Saturday , November 17 2018

Rare Triple-Hybrid Warbler Spotted in Pennsylvania

A three-species hybrid warbler found in Pennsylvania is the offspring of a hybrid warbler mother and a warbler father from an entirely different genus — a combination never recorded before now.

A rare triple-hybrid warbler (golden-winged warbler, blue-winged warbler, and chestnut-sided warbler). Image credit: Lowell Burket.

A rare triple-hybrid warbler (golden-winged warbler, blue-winged warbler, and chestnut-sided warbler). Image credit: Lowell Burket.

The triple-hybrid bird was first spotted on May 7, 2018 by Lowell Burket, a dedicated bird watcher and contributor to eBird.org.

“It’s extremely rare,” said Dr. David Toews, a postdoctoral researcher at the Cornell Lab of Ornithology and lead author of a paper published in the journal Biology Letters.

“The bird’s mother is a hybrid of a golden-winged warbler (Vermivora chrysoptera) and a blue-winged warbler (V. cyanoptera) — also called a Brewster’s warbler.”

“She then mated with a chestnut-sided warbler (Setophaga pensylvanica) and successfully reproduced.”

A rare triple-hybrid warbler. Image credit: Lowell Burket.

A rare triple-hybrid warbler. Image credit: Lowell Burket.

The key to identifying the bird’s parents came from genetic analyses.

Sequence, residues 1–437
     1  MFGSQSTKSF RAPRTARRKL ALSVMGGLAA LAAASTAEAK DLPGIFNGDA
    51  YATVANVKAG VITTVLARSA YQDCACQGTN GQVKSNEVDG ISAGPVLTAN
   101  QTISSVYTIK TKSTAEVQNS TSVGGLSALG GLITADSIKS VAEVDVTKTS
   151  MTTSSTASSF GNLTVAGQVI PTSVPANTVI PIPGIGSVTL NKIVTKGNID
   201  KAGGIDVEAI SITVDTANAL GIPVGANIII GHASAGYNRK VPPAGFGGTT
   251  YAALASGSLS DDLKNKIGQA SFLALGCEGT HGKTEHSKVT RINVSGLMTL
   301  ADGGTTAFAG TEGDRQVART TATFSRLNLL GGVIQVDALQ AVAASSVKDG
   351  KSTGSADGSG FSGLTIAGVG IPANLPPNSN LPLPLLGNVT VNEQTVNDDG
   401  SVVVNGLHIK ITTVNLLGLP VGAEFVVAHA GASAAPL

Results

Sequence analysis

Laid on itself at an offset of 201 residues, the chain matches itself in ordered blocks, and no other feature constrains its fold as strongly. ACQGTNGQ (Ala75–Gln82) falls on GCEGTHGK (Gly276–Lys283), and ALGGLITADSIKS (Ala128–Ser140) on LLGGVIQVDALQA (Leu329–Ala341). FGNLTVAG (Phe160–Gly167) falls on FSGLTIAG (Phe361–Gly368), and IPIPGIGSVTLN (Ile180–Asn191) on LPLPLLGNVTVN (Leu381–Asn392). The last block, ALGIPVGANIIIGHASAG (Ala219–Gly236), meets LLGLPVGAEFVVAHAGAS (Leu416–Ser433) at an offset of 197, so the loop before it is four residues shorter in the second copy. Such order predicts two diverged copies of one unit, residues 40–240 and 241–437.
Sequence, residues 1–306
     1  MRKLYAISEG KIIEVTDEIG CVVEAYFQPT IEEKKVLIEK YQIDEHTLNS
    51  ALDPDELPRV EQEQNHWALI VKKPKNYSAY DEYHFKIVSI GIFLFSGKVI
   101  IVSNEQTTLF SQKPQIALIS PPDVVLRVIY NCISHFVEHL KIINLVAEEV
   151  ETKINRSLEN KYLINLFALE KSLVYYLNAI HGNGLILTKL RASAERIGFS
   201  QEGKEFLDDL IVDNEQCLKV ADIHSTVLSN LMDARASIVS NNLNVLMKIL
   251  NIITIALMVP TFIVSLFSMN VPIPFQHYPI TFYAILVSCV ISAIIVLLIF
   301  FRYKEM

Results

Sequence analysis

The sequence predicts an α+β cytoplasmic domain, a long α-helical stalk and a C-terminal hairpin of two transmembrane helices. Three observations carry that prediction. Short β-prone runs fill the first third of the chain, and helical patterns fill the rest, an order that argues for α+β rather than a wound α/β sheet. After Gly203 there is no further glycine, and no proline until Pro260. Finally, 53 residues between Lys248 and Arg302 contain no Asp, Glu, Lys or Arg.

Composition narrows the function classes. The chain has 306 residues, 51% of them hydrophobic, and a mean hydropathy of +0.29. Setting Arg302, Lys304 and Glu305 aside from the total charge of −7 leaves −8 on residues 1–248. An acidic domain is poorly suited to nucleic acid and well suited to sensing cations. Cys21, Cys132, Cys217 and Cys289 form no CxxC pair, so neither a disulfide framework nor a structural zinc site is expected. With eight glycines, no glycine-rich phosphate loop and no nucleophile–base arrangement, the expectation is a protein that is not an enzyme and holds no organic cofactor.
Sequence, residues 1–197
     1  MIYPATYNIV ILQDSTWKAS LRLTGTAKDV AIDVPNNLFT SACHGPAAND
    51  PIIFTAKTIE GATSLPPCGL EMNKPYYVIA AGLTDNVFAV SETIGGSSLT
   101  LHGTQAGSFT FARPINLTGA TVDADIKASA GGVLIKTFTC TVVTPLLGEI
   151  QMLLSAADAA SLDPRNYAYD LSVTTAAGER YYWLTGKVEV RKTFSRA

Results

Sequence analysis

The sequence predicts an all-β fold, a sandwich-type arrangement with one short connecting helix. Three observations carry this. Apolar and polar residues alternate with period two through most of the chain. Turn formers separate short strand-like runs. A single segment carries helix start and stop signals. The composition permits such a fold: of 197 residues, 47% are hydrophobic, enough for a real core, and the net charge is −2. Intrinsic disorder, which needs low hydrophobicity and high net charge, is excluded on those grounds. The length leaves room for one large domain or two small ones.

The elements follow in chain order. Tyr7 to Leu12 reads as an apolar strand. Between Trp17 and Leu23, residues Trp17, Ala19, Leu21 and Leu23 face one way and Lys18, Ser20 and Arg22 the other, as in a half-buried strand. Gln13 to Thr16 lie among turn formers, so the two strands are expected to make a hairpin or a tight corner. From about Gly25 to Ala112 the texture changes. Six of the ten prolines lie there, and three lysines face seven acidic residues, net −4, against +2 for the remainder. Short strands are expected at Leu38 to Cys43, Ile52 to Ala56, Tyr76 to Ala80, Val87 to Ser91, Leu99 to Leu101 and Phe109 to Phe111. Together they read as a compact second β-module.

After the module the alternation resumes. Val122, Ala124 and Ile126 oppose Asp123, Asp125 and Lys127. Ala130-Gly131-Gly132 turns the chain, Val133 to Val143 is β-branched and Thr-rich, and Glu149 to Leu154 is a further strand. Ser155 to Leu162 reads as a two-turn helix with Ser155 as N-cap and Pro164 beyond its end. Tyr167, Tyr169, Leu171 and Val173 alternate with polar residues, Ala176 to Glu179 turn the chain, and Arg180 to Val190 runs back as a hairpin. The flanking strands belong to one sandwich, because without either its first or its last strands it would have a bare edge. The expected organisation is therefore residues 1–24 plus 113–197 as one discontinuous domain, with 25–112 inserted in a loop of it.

“We looked at the genes that code for different warbler colors,” Dr. Toews said.

“This way we could recreate what the hybrid’s mother would have looked like — the avian equivalent of a detective’s facial composite, but generated from genes.”

“We confirmed that the mother would have looked like a Brewster’s warbler and the father was a chestnut-sided warbler.”

This graphic shows predicted family tree of warblers leading to the three-species hybrid. Image credit: Cornell Lab of Ornithology.

This graphic shows predicted family tree of warblers leading to the three-species hybrid. Image credit: Cornell Lab of Ornithology.

Hybridization is common among golden-winged and blue-winged warblers, and this has been of particular concern for golden-winged warblers which have declined dramatically in some populations.

But hybridization has never been recorded between these species and chestnut-sided warblers.

This kind of rare hybridization event may also occur more often in the declining warbler populations of Appalachia, because there is a smaller pool of mates from which to choose.

“That this hybridization occurred within a population of golden-winged warblers in significant decline suggests that females may be making the best of a bad situation,” Dr. Toews noted.

“It also tells us that wood-warblers in general have remained genetically compatible long after they evolved major differences in appearance.”

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David P.L. Toews et al. 2018. A wood-warbler produced through both interspecific and intergeneric hybridization. Biol. Lett 14 (11): 20180557; doi: 10.1098/rsbl.2018.0557

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